Rhubarb: 4 posts

The Scent of Rhubarb

It’s hard to imagine a note trendier than rhubarb. Pick up any pink tinted bottle and a sales associate will recite a litany of notes which is bound to include rhubarb (along with red berries and pink pepper). But rhubarb’s popularity is justified because it can be made tart or sweet, coquettish or edgy. For me, familiarity with this material doesn’t breed contempt. On the contrary, the more I explore it, the more I become infatuated. To reveal different facets of rhubarb, I take it as a topic of my FT column, Perfumes with a Rhubarb Shimmer. I explain that materials with rhubarb inflections also have a classical pedigree and I recommend savory fruity perfumes for both men and women.

rhubarb slices

Every spring I make a Persian rhubarb sherbet by cooking sliced stems and sugar in water. Once the flavour and pink colour infuse into the syrup, I filter the liquid and add rose essence. Enjoyed in tall crystal glasses, the sherbet has a voluptuous taste that calls to mind the warm light streaming through the stained-glass windows of the Nasir al-Mulk Mosque, a pink-tinted jewel of Shiraz. Since perfumery has much in common with cuisine, rendering my sherbet into a fragrance accord with a similar ornate impression is not difficult. Please continue here.

Any other rhubarb recommendations are more than welcome.

Photography by Bois de Jasmin

Hermes Eau de Rhubarbe Ecarlate : Perfume Review

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As in fashion, fragrance outfits that engage in-house perfumers find themselves in a bind. On the one hand, one expects new designers to exercise their vision, but on the other, the fragrance industry is far more conservative than couture and they have to maintain the house’s creed. Christine Nagel’s first fragrance for Hermès, Eau de Rhubarbe Écarlate, is a promising sign of things to come, because not only does she retain the radiance lit by Jean-Claude Ellena, she adds curves and sultry touches of her own, even in a fairly straightforward cologne.

rhubarb

Eau de Rhubarbe Écarlate is my rhubarb-rose sherbet in perfume form, albeit with a moderate dose of sugar. Since the French word écarlate, comes from the Persian word saqerlat–do you hear the echoes of “scarlet”, vivid red?–this association is fitting. Nagel softens the green, acidic edge of rhubarb with berries, but she retains enough of its savory, green nuances to make sophisticated perfume and not confiture.

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Olfactive Studio Flashback : Perfume Review

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Olfactive Studio Flashback, a salty vetiver and rhubarb blend, is one of those rare fragrances that not only smell good but feel poignant. Olfactive Studio’s concept marries fragrances with visuals, and in the image that accompanies Flashback, a frame from a video shot by Laurent Segretier of his long-distance girlfriend, you see very few details–the delicate tilt of a girl’s head and a thick fringe framing the face. This photograph was the brief to perfumer Olivier Cresp, who tapped into his childhood memories to create Flashback. For my part, when I smell Flashback, I’m reminded of collecting shells along the beach and helping my grandmother make rhubarb jelly.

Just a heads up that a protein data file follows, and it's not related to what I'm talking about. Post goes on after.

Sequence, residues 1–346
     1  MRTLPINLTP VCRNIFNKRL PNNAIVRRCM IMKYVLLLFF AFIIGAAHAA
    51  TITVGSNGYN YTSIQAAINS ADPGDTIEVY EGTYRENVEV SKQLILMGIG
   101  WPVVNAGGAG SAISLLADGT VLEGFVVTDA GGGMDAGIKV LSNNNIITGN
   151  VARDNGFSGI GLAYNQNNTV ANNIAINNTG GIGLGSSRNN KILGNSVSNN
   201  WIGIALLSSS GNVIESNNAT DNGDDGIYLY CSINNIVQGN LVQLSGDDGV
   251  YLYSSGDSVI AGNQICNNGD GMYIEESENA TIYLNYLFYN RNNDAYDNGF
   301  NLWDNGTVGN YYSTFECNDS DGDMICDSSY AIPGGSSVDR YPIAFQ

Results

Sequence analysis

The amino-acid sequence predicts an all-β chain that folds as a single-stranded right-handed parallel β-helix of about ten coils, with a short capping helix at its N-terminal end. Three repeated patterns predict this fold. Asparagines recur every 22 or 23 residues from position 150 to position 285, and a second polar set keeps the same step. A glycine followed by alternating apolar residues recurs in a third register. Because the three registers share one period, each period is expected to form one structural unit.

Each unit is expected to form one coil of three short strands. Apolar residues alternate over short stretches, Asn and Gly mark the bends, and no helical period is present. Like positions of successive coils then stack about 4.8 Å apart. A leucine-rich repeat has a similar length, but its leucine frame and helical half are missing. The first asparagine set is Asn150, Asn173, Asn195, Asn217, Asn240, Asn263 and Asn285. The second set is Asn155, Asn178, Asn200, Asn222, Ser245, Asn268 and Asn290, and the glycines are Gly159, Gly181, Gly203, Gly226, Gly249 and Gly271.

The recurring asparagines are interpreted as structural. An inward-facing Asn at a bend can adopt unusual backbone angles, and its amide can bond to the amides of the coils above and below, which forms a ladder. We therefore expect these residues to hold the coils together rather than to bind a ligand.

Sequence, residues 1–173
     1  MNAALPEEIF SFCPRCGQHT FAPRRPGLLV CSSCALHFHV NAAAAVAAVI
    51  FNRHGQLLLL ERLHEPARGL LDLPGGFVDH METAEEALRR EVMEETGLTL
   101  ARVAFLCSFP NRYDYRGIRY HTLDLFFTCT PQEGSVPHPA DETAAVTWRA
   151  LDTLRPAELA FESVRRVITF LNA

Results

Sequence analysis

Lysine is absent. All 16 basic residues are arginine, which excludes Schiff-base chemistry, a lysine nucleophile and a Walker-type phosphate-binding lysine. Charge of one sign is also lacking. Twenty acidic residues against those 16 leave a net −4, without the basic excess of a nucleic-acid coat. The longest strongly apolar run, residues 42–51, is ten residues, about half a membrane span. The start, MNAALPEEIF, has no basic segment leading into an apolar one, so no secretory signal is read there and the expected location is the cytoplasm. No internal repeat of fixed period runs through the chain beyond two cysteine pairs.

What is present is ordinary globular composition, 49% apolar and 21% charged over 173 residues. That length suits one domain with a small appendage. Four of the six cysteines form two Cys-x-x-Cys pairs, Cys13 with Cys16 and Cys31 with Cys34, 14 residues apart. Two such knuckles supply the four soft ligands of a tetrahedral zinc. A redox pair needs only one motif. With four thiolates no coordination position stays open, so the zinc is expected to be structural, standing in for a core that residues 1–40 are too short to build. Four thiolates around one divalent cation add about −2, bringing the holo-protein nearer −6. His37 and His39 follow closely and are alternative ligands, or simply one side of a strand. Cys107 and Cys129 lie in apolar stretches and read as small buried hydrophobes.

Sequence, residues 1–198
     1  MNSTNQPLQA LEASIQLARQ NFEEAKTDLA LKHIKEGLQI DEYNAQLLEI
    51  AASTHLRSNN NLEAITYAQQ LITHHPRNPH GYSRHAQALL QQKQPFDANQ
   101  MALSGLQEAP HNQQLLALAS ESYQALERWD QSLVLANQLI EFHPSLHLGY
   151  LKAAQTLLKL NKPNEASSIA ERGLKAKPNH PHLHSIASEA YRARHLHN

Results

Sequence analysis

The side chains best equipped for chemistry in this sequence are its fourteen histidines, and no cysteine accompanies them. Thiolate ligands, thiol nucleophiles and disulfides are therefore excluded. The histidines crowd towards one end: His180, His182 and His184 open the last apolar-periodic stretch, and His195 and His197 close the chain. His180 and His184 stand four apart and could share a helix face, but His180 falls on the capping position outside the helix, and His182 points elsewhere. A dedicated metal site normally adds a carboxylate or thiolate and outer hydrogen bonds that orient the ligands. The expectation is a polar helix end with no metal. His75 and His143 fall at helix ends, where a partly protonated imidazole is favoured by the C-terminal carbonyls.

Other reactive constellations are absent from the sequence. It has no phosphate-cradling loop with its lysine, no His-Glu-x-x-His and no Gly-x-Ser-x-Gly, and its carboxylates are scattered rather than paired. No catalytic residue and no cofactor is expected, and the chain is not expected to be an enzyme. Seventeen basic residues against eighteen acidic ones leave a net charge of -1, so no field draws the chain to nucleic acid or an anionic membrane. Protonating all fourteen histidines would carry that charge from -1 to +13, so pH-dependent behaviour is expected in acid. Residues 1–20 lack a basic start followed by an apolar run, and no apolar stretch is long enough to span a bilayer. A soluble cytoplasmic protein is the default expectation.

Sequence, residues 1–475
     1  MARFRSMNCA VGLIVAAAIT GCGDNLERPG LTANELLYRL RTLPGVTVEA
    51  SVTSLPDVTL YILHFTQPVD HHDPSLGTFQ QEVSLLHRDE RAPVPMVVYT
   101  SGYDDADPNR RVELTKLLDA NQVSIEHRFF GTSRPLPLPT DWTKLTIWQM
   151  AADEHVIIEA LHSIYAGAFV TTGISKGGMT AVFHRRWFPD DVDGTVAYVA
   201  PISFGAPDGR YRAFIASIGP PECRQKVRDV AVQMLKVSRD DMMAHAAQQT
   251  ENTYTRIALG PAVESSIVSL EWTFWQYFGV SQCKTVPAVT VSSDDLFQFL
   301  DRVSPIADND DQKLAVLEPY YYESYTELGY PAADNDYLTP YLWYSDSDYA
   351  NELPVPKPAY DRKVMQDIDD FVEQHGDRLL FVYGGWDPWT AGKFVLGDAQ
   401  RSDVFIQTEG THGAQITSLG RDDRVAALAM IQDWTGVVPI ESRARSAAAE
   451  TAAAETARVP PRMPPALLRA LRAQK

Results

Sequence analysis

Laurent Segretier

While childhood memories are often saccharine, there is nothing cloying or precious about Flashback. When I was collecting notes for my article about salty perfumes, it quickly turned out to be one of the best recent examples of salty vetivers. It’s also polished and elegant, suited for both men and women.

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Aedes de Venustas Signature EDP: Perfume Review

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by Suzanna

Aedes de Venustas is the hip West Village fragrance boutique that since 1995 has been a Mecca for the connoisseur of niche perfumes.  The Aedes brand roster includes both the popular and the polarizing; there are scents that smell of flower stalls and scents that smell of olives and damp cobblestones.  The shop also carries bath and body products, home fragrance, and candles like the ultra-covetable Mizensir Sapin de Noël.

The boutique now has its own house fragrance, the eponymous Aedes de Venustas Signature eau de parfum authored by Bertrand Duchaufour, he of the upcoming L’Artisan Séville à l’aube and the nose behind the wildly creative Eau d’Italie Sienne l’Hiver and cult favorites Avignon and Kyoto for Comme des Garçons. Aedes de Venustas signature is Duchaufour’s second scent for the boutique; the first was released under the L’Artisan brand and has no relation to the new Signature scent.

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Latest Comments

  • Austenfan in Recommend Me a Perfume June 2017: Not exactly like Azurée but at least as daring is Rien by Etat Libre d’Orange. One of the most distinctive and uncompromising scents I own. June 27, 2017 at 6:31pm

  • Ann in Recommend Me a Perfume June 2017: Ooooh, great list! Thank you for all the recommendations SSB! June 27, 2017 at 6:15pm

  • Ann in Recommend Me a Perfume June 2017: That’s interesting, the more i smell perfume the more I appreciate it – I was repulsed by Angel at first spray, but have become a believer June 27, 2017 at 6:13pm

  • Karen A in Recommend Me a Perfume June 2017: Arpege was all I wore for a while, so I can relate! My suggestion is to just start trying whatever you can, either from the reviews here on BdJ or… June 27, 2017 at 5:40pm

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